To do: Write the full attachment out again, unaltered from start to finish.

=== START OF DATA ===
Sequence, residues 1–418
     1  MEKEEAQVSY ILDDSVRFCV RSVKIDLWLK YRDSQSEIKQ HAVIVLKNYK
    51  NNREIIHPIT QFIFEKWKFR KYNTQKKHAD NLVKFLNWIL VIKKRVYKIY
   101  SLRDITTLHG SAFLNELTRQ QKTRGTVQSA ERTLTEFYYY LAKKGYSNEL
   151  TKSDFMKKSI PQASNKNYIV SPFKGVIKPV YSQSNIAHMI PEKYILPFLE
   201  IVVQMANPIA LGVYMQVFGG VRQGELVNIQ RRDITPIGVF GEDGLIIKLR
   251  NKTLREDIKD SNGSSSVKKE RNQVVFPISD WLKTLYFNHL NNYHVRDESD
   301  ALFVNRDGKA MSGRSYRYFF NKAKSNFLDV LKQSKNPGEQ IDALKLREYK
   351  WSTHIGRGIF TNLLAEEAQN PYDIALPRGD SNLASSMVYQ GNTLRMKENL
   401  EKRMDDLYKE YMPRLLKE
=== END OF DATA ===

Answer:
Sequence, residues 1–418
     1  MEKEEAQVSY ILDDSVRFCV RSVKIDLWLK YRDSQSEIKQ HAVIVLKNYK
    51  NNREIIHPIT QFIFEKWKFR KYNTQKKHAD NLVKFLNWIL VIKKRVYKIY
   101  SLRDITTLHG SAFLNELTRQ QKTRGTVQSA ERTLTEFYYY LAKKGYSNEL
   151  TKSDFMKKSI PQASNKNYIV SPFKGVIKPV YSQSNIAHMI PEKYILPFLE
   201  IVVQMANPIA LGVYMQVFGG VRQGELVNIQ RRDITPIGVF GEDGLIIKLR
   251  NKTLREDIKD SNGSSSVKKE RNQVVFPISD WLKTLYFNHL NNYHVRDESD
   301  ALFVNRDGKA MSGRSYRYFF NKAKSNFLDV LKQSKNPGEQ IDALKLREYK
   351  WSTHIGRGIF TNLLAEEAQN PYDIALPRGD SNLASSMVYQ GNTLRMKENL
   401  EKRMDDLYKE YMPRLLKE